Happiness is a Watermelon on Your Head – Q&A with Daniel Hahn

At the end of the village, behind a green door,
lived happy Miss Jolly, with Melvin, her boar.
“What makes her so happy? We really must learn!
“Cried her neighbours, Miss Whimper, Miss Grouch and Miss Stern.
“It’s awful being miserable day after day,
Let’s find out her secret! There must be a way!”

One ridiculously joyful lady, cauliflower hats, fish bonnets, a few very large animals, a pet boar called Melvin and a whole lot of watermelons.
Three miserable women discover the secret of happiness to be very pink and very messy.

Here’s another of fils cadet‘s favourite picture books, and it’s one with an interesting story behind it, which I first heard at the Other Worlds event on translating children’s literature, held at the English Speaking Union back in October 2012.  Danniel Hahn was one of the panel at the event and he described the process of working on Stella Dreis’ Happiness is a Watermelon on Your Head so vividly, and the book sounded so appealing, that it immediately went on the Christmas list.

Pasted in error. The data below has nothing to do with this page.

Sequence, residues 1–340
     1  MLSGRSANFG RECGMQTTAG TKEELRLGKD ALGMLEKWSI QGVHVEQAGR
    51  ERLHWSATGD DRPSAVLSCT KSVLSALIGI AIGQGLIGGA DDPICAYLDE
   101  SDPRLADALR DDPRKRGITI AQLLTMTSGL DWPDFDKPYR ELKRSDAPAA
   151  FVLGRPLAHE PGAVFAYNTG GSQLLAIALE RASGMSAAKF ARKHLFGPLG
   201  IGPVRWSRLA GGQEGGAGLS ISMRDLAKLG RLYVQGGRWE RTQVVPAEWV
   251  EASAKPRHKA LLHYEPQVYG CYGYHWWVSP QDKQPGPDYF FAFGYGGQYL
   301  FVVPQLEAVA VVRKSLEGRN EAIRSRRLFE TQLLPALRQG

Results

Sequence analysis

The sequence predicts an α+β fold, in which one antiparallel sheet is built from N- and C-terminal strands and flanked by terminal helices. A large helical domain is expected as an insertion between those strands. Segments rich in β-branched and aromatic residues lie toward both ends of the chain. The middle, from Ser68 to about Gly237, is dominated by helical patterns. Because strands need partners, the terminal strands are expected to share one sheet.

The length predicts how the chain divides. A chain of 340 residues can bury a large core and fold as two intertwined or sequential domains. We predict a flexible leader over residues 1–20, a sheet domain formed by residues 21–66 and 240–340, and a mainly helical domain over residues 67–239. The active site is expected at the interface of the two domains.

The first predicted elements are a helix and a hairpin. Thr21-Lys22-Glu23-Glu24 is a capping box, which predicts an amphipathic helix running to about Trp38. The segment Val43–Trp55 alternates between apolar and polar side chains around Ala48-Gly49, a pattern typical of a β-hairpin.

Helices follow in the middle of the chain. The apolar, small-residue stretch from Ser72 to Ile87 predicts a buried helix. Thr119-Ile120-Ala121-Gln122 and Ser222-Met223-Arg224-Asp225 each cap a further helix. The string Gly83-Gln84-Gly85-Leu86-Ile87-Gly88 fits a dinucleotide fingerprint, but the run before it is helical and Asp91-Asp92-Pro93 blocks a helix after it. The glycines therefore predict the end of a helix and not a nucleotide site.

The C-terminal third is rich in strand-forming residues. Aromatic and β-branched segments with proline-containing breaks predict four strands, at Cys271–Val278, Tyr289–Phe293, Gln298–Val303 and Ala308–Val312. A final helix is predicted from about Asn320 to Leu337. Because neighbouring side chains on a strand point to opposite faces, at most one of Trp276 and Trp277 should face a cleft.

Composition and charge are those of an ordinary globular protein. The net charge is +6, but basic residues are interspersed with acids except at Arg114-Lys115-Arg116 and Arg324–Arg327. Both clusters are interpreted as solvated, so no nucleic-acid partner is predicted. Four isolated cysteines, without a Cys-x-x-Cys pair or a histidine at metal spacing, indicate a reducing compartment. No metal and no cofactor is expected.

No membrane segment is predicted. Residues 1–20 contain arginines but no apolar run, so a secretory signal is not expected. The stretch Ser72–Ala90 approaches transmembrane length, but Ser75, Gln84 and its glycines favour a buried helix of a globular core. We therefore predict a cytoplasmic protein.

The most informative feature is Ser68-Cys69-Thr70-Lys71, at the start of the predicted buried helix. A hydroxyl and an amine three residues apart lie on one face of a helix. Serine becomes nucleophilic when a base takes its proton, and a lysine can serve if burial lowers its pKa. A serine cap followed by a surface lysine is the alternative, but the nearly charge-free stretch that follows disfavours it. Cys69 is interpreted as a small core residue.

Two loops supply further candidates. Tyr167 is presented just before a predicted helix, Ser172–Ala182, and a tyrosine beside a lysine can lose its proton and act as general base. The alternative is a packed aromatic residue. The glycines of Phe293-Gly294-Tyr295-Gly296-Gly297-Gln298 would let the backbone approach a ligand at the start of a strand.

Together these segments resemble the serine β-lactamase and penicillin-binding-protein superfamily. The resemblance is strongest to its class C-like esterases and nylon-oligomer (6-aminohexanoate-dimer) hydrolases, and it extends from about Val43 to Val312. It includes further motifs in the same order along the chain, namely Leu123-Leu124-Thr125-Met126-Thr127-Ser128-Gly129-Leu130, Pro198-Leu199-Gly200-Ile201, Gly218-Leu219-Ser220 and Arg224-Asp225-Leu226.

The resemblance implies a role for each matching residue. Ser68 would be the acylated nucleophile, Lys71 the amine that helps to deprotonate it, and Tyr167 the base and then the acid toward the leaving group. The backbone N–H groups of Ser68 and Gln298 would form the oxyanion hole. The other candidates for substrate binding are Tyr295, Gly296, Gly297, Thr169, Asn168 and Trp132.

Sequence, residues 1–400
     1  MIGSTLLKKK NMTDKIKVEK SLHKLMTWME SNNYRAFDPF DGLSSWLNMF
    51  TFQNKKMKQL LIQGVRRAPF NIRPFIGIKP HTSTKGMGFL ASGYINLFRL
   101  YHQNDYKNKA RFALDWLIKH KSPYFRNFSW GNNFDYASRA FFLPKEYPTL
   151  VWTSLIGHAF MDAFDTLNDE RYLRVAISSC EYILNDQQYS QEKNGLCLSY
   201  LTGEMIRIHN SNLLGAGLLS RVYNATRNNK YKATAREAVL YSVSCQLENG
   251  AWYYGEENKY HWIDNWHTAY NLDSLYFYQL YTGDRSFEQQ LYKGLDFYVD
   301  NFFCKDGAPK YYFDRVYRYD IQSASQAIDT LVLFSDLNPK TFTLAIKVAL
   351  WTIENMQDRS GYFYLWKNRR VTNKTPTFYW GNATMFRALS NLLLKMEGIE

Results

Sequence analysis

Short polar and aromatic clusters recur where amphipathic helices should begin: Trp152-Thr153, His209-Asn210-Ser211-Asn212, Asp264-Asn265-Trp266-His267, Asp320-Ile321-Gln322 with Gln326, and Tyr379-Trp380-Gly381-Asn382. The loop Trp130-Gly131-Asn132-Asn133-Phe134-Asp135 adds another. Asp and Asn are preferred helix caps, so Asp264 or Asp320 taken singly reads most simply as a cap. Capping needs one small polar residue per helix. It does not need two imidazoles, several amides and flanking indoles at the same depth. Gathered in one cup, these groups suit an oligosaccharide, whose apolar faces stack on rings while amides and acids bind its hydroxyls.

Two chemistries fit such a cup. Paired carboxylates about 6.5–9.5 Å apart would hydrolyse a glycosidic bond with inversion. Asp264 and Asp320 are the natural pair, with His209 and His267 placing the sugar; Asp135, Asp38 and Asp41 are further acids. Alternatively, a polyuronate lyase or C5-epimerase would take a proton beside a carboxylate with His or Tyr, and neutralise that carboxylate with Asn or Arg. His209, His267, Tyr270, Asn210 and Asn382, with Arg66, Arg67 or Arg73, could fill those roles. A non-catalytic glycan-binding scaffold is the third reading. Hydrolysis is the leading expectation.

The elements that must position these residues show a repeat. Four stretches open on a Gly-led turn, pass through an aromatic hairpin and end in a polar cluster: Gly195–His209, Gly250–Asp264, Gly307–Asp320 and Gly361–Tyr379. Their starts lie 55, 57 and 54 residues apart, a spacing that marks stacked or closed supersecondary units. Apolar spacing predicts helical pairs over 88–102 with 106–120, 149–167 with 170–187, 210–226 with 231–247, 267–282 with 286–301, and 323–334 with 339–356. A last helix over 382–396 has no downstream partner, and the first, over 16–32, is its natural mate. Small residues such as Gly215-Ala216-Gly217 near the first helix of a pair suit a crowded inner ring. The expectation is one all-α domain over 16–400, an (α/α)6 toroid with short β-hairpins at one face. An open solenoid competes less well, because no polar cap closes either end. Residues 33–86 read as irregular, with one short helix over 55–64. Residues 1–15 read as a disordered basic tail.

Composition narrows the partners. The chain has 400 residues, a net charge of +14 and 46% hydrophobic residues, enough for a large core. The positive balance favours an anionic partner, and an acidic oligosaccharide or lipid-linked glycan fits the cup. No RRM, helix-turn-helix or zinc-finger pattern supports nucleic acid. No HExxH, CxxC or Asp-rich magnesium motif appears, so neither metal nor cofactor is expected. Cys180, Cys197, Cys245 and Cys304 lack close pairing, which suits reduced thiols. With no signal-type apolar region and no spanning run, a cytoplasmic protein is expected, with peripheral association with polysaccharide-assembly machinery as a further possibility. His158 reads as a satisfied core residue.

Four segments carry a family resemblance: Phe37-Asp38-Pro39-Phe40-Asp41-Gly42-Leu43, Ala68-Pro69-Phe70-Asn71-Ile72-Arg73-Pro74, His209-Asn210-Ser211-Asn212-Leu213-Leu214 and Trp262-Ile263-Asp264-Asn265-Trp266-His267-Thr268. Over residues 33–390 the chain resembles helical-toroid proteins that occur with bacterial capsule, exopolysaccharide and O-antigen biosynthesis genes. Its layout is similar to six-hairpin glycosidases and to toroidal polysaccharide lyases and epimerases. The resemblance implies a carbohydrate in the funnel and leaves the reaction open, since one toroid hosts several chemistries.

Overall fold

It went on to become a hit with both boys so I wondered if Danny would be willing to tell us a little more about it, which indeed he was.

Happiness is a Watermelon on Your Head

RW: Thanks for agreeing to answer some questions about the Watermelon book.  Firstly, would you describe yourself as the author or the translator, and how did you come to be involved with it?

DH: That’s a surprisingly difficult question – in a sense, I’m not really either. (Or perhaps, both?) I’m not the author, in that I didn’t start from scratch and devise the story, the shape of the thing; but nor am I the translator, because what I’ve written in English isn’t (and isn’t supposed to be) as close an approximation to the original text as I could manage. I was originally approached to simply translate the book, and it was only after I’d done my first draft, which was what you might call a “regular” translation, that my editor and I decided the job needed something quite different. We needed to come up with something that used the same story and worked with the same pictures, but told that story not only in a new language but also sort of with a different flavour. So we stripped away the Portuguese words, and I wrote the best new English text I could that would still function with Stella Dreis’s brilliant pictures. The new text is verse, where the original was prose, and there are many other changes – but I still think of Stella as the author; it’s her story, and her pictures that give the book its character, I think.